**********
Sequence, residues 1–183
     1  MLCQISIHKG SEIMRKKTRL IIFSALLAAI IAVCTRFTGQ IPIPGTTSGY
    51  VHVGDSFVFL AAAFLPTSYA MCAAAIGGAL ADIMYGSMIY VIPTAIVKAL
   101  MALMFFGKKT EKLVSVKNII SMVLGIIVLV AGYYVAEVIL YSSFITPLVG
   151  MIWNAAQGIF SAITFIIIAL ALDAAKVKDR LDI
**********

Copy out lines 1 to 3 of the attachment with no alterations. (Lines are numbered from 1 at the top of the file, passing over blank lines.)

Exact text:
Sequence, residues 1–183
     1  MLCQISIHKG SEIMRKKTRL IIFSALLAAI IAVCTRFTGQ IPIPGTTSGY
    51  VHVGDSFVFL AAAFLPTSYA MCAAAIGGAL ADIMYGSMIY VIPTAIVKAL